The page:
TubeMogul Reports Many Video Viewers Cant Stand Pre Roll pre roll ad 200x109 Ever wonder how many people wait through pre-roll advertisements vs. abandoning the video altogether?  TubeMogul took it upon themselves to see just how many people are watching those coveted and lucrative spots and you might be surprised by their findings.

Many ad networks probably track this exact statistic but don't want anyone to know exactly what the numbers are as they could impact business revenues. Meanwhile, TubeMogul spent 48 hours collecting data and then compiled it for us. For 1,797,560 video streams they tracked how many viewers clicked away before a 10-30 second pre-roll ad finish. Their findings?

Almost a full 16% of viewers split before the pre-roll rolls through. They'd rather go hunt down somewhere else it seems than sit through that pre-roll. Or they feel their time is too valuable and the actual content is not so waiting another 10-30 seconds just isn't worth it. When the content was coming from magazines and newspapers the pre-roll-pre-clickers spiked up to almost 25%!

It seems that they certainly aren't expecting anything in the videos there that they can't get elsewhere or just aren't putting enough stock in the content itself. TubeMogul did their research only on short-form video, longer than three but shorter than 10 minutes and did not do full-length TV episodes. They say that the ads were served by a range of top ad networks, including AdTech (US), BBE, Google and Tremor Media.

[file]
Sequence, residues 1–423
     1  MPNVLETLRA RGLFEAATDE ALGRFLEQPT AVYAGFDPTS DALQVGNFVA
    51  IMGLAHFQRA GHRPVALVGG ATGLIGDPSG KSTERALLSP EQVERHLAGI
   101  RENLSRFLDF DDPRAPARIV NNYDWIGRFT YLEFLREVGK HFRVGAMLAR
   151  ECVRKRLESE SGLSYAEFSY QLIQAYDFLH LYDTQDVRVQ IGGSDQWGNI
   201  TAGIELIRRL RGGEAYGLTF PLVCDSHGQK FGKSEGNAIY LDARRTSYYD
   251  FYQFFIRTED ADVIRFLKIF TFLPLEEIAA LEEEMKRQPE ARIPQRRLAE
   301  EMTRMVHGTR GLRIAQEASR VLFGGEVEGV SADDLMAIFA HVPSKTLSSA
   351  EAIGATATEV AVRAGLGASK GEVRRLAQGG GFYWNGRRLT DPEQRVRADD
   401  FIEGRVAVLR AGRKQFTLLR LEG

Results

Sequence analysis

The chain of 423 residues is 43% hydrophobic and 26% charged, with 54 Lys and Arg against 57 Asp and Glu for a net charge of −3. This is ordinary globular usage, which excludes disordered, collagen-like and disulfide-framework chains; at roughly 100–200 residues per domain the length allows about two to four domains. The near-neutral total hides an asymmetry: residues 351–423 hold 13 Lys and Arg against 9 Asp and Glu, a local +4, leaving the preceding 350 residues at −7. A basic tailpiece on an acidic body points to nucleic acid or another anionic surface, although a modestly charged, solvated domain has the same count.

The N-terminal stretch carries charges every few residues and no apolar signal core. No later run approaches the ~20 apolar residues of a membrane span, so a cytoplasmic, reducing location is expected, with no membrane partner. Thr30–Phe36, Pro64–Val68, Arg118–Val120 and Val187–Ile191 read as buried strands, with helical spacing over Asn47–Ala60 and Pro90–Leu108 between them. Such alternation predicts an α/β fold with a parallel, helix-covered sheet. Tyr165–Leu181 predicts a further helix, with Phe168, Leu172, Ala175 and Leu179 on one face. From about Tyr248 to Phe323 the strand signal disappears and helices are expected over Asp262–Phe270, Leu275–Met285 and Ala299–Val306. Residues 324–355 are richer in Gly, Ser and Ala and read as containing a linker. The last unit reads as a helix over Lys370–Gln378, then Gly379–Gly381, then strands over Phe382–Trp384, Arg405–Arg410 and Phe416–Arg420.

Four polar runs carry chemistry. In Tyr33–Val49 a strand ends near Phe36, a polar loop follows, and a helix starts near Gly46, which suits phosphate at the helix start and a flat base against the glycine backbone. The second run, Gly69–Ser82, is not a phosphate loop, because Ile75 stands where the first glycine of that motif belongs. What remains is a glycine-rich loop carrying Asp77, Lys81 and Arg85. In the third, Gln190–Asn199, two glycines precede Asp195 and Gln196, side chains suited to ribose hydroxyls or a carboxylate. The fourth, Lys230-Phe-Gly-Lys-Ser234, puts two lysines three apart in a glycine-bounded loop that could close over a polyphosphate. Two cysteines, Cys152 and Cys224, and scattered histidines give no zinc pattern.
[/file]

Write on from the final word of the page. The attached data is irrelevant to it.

TubeMogul's Results Summarized

Some key data points:

  • Overall, 15.89% of viewers click away from a video rather than sit through a pre-roll ad.
  • The trend is far more pronounced with top magazines and newspapers, where 24.85% of viewers click away.
  • For large broadcasters, only 10.9% of viewers click away during an ad.
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This could certainly show that a banner ad on a video page could have better visibility and it also shows that runing pre-roll ads might cut down on the number of people actually watching both them and your content. A potential blow to the online ad industry to say the least considering the number of positive reports that have come out lately touting the power of pre-roll.

  • MainSpring Video

    This makes total sense. Why would a viewer want to sit through a 30-second ad to watch a short 3 minute video? I don't. It makes one angry. About 10 seconds in you decide it's just not worth it. Also hate those pop-up banner ads you have to click closed. If the banner ad is on the page itself, as a viewer, I'm much more tolerant of it (e.g. How Pandora does it).

  • Doc

    Take an adult picture, Chris. You look like a dik.

    • Christophor Rick

      awesome...because I don't care what people think :)

  • Doug Garnett

    These statistics sound quite optimistic to me. That only 16% are moving away? Seems low from what I hear in talking with consumers.